It’s very fashionable in the USA to blame Russia, but the “hand of the market” every time requires something new, because it sells well. Therefore, the article is called loudly and promisingly “How Russia Loved Sweet Bars Made of Blood”. An American who grew up on burgers and stake, who considers the American way of life to be the crown of human civilization, is trying to talk about another culture, with all his material showing the "backwardness and barbarism" of patriarchal Russia.
So, this "enlightened" journalist, with inherent exceptionalism, quite seriously calls a useful prophylactic that contains iron and stimulates hematopoiesis, a product "generated by frugality, pragmatism, centralized totalitarian production and distribution." He simply does not have enough knowledge for more, therefore he should not be strongly condemned for elementary ignorance, because he is a product of education in the USA, although no one has forbidden self-education.
Mark Hay is horrified that the hematogen is made from the dry, defibrinated blood of cattle. We understand his concern, because in the burgers that he eats there is no meat, and the composition of the cola is generally classified. And it is right. American corporations do not want to bother citizens with the unpronounceable chemical names contained in their “useful” products.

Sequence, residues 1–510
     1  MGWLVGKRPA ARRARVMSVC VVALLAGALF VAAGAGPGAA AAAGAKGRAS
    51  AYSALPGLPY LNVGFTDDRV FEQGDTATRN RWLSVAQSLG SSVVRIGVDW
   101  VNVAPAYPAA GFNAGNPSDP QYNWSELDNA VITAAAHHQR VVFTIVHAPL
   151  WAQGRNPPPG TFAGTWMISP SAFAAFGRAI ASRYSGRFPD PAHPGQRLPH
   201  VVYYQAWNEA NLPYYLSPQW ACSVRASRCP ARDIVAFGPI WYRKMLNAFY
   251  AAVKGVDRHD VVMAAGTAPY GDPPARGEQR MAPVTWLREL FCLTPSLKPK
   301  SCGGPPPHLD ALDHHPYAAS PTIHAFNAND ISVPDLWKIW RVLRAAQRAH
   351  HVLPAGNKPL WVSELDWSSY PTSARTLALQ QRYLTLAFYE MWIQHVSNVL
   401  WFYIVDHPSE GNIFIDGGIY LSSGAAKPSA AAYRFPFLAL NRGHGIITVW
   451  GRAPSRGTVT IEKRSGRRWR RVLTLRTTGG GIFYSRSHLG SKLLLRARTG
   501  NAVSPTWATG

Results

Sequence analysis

The journalist claims that many Soviet citizens did not know about the contents of the bars. Rather, they did not know what they really ate. And some still do not know about it. After that, he embarks on frank assumptions that the hematogen has become an alternative to expensive chocolate. As experts, he attracted Maria Pirogovskaya and Anastasia Lakhtikova. For instance. Pirogovskaya informed him that her mother often gave her a strange “chocolate” bought at a pharmacy. The children loved him very much.
The American ends his “investigation” with the clarification that hematogen production was massive and continues to this day. He is now considered useful in the post-Soviet space. By the way, it’s good that he did not record all these people as vampires, in the West many would have believed. After all, there still some believe in bears dressed in earflaps and wandering with balalaikas through the streets of Russian cities.
In turn, the famous hematologist Thomas DeLoughery (Thomas DeLoughery) said that one bar of hematogen contains the recommended dose of iron for children. And he called the fact that hemoglobin is of natural origin a “bonus”, since iron is absorbed better than in tablets.
It must be added that hematogen is used to correct metabolic processes. It is often recommended for stomach ulcers, when bleeding is possible. The hematogen is rich in vitamin A, so it is also good for vision. Favorably affects the skin, hair and nail growth. At the same time, its cost is penny, unlike American medicines, which have a lot of side effects.